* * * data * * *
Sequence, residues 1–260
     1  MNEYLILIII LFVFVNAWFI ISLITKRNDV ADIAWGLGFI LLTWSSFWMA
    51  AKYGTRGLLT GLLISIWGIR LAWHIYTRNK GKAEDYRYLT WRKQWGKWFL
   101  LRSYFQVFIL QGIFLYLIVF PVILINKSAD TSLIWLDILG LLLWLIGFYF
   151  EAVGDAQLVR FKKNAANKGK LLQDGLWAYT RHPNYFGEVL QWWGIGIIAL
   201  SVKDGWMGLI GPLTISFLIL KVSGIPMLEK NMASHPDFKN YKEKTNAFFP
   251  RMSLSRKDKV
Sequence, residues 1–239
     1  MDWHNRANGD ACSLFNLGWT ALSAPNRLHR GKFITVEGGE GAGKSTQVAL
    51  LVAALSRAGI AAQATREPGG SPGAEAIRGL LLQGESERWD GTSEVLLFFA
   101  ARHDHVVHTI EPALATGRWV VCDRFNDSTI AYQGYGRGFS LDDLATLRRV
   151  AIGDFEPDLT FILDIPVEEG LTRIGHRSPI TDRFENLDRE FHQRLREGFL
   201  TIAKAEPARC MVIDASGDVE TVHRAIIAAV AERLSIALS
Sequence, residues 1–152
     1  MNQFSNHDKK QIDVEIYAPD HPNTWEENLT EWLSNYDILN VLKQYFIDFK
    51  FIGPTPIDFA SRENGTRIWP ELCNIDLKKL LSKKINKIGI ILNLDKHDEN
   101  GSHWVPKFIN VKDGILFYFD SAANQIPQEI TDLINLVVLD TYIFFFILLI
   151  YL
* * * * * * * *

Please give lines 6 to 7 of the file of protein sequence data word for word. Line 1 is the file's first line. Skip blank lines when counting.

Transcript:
   201  SVKDGWMGLI GPLTISFLIL KVSGIPMLEK NMASHPDFKN YKEKTNAFFP
   251  RMSLSRKDKV